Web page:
Eating in the chefs kitchen
Posted 07 August 2001 - 05:18 AM
Posted 07 August 2001 - 05:41 AM
Posted 07 August 2001 - 06:02 AM
Posted 07 August 2001 - 07:16 AM
Posted 07 August 2001 - 07:24 AM
Posted 07 August 2001 - 09:54 PM
It can be a great way to see a good chef at work and if they take care of you a great experience. However, like all good ideas the first few who do it, do it well those who follow never get it right because they are doing it for the sake of doing it rather than it being a natural part of the process
We'll be getting chefs tables at cafe rouge next
Posted 08 August 2001 - 12:31 AM
The most sought after chef's table in New York is Daniel Boulud's "skybox" at Restaurant Daniel. It's an unofficial chef's table because it is actually Daniel Boulud's office. When he designed the new Daniel kitchen, he had his office built in the style of a manufacturing-plant foreman's, which is to say it is in a glass-enclosed box overlooking the kitchen from maybe twelve feet in the air. It can accommodate a maximum of three people because it wasn't actually intended to be used as a dining area -- it's just something Daniel started allowing his friends to do. The official word is that it's for his personal friends only, but in reality he offers use of the room pretty readily to any repeat customer who demonstrates interest.
Another interesting in-kitchen dining situation is at Lespinasse, where you truly can eat in the kitchen -- as in on the stoves. On Sunday or Monday, when the restaurant is closed, you can have a party for up to a dozen or so people in the actual kitchen. They cover one of the Bonnet island ranges with white tablecloths and pull stools up around it for the guests. They cook on the other island. Popular among law firms celebrating successful hostile takeovers, etc.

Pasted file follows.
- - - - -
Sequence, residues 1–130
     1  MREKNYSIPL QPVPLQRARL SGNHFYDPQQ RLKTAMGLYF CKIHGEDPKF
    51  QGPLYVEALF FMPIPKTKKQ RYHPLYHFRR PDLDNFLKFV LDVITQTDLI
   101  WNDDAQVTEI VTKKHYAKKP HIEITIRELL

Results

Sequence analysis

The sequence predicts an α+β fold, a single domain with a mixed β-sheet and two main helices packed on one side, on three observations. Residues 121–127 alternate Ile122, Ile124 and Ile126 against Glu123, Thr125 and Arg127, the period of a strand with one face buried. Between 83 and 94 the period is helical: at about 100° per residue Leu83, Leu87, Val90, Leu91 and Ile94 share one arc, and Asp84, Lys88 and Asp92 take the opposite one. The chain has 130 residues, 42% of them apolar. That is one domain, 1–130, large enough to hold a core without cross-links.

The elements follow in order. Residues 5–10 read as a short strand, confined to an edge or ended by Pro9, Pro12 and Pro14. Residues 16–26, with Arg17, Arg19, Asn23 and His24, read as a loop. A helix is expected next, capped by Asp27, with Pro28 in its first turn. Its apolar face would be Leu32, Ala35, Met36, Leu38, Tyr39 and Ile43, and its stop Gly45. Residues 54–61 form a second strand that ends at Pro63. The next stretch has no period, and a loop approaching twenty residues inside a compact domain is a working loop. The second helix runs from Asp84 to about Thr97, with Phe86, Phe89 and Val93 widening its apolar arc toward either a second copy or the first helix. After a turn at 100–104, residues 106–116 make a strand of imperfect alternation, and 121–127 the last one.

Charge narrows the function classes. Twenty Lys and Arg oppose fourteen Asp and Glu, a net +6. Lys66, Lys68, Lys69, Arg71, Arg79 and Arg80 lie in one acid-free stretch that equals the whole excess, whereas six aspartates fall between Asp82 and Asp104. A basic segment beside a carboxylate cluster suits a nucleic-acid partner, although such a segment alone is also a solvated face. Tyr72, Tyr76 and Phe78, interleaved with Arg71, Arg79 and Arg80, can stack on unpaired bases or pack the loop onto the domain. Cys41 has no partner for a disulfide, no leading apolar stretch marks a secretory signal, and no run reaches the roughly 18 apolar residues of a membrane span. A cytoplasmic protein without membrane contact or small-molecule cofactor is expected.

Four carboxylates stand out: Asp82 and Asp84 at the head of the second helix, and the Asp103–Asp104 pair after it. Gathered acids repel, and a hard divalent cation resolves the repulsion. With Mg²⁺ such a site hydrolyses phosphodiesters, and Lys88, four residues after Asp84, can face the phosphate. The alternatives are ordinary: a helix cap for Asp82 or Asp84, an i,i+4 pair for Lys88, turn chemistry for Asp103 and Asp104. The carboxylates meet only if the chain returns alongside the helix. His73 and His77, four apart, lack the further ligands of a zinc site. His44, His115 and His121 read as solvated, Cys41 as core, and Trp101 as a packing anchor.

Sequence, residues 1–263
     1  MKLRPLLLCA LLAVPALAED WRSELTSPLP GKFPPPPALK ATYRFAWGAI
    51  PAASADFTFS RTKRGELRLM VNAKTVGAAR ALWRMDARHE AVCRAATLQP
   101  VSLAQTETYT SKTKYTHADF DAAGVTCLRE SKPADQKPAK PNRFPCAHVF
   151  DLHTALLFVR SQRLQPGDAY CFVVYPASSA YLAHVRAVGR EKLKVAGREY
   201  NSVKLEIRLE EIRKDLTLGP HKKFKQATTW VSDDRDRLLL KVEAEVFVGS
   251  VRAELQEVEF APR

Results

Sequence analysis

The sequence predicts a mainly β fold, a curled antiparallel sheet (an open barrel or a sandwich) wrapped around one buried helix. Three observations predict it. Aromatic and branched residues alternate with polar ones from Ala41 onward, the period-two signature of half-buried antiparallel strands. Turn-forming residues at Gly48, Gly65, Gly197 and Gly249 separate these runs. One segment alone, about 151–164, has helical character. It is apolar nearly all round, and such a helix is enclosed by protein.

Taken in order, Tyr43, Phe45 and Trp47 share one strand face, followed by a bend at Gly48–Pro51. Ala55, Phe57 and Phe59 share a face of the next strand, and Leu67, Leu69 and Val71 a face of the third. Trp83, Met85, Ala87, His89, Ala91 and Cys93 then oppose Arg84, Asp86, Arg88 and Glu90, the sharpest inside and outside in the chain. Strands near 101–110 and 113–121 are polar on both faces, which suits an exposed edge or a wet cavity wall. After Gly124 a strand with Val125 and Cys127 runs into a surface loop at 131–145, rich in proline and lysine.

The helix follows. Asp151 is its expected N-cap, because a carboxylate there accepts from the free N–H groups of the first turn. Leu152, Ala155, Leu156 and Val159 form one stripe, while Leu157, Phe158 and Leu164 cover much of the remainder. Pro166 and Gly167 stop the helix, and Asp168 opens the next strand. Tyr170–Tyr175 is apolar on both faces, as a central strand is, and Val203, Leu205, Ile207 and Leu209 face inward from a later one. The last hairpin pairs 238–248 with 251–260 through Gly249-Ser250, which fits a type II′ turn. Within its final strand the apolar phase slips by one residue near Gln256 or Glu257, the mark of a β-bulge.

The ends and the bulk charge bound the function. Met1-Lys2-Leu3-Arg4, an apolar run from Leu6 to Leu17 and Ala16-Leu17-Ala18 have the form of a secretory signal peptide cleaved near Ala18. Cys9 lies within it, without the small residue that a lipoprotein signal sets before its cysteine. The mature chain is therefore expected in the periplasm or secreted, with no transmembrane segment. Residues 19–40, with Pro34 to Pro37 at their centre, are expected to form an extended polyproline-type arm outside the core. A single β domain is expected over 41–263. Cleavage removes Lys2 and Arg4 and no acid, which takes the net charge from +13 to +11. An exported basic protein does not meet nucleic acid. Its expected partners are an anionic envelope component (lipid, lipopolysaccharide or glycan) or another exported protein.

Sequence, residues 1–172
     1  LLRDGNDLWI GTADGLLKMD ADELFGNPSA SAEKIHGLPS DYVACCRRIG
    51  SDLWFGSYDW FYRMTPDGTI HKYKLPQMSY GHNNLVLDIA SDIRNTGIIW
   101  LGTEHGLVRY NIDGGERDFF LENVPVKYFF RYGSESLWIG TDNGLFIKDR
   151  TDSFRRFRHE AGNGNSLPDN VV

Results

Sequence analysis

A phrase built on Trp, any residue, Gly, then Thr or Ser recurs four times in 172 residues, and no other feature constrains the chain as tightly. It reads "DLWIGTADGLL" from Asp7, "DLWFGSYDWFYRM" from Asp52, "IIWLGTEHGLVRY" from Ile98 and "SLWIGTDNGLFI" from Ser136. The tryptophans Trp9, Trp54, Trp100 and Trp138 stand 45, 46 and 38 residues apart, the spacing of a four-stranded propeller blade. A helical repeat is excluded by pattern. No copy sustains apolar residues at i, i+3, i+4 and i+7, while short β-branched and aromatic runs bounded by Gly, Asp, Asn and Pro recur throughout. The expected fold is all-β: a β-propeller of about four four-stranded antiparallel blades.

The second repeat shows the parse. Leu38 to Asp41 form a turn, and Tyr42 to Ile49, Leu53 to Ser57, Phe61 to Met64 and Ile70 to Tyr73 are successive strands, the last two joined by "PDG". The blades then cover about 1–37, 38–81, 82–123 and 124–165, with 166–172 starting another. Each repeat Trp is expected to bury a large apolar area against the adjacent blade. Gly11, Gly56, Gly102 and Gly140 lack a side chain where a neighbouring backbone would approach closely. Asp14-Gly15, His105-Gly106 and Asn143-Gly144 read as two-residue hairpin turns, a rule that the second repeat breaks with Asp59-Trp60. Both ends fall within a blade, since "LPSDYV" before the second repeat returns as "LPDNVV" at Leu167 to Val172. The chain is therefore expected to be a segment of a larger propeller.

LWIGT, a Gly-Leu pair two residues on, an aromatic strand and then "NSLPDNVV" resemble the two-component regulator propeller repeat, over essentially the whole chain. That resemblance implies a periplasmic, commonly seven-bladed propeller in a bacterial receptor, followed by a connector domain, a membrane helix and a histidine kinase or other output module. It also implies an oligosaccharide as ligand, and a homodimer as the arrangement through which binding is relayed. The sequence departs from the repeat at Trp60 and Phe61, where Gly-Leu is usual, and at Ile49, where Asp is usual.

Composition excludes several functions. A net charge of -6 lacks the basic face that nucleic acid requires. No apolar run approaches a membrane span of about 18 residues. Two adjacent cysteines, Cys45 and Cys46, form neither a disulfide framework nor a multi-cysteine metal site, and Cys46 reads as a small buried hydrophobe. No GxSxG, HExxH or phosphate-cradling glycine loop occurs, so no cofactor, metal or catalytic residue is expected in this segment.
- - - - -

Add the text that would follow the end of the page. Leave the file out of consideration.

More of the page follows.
I believe the gentleman at Foliage in the Mandarin Oriental Hyde Park is David Nicholls.
Posted 08 August 2001 - 06:16 AM
I know that Anton Mosimann has a simialr set up to Boulud in his private dining club.
Posted 11 August 2001 - 08:26 PM
I think there is a multifarous, but subjective appeal. The notion seemed to start at a time when chefs were becoming celebreties and when many Americans began idolizing chefs and idealizing the profession. What could be more appealing than to join the chefs in the kitchen and watch what they do. It was a new concept and there was only one table in the kitchen table and many in the dining room. What better opportunity for a jaded diner than to have some new experience that was only available to a few on any given night.
Then there's Ouest, a restaurant on the upper west side where the kitchen is in the dining room, or at least there's no separation of the two and many tables have a full view of the cooks and the stoves. This is a big step from the many kitchens with a glass wall.
Posted 12 August 2001 - 02:30 AM
I did a 1 day stage in Ciboulette in Atlanta when I was over on business and they had a "theatre" kitchen, which was on show to the dining room. It had a counter where the punters could sit and watch the chefs cook. I actually did cold starters for them that night, about 120 covers. A great experience I can tell you. The chef showed me a wall in the prep kitchen around the back where Paul Bocuse had signed his name. Apparently he had cooked there one night, they had the pictures to prove it. Hey, me and Paul Bocuse! (Funny, they didn't ask me to sign the wall).
Posted 10 December 2001 - 08:38 AM
I have a dinner booking for Friday, Dec 28 that I may later give up. 50/50 likelihood. I may not know for another 10 days or so. (PS: Mark Sargeant, I believe (?), is the executive chef and not Ramsay. There's no assurance of seeing Ramsay for those who are considering the table for that reason. That Royal Hospital Road is closed on that day might increase the chances of Ramsay's being at Claridge's, though.)
Would anybody be interested in taking the reservation (for 2-5 people) if I were to give it up?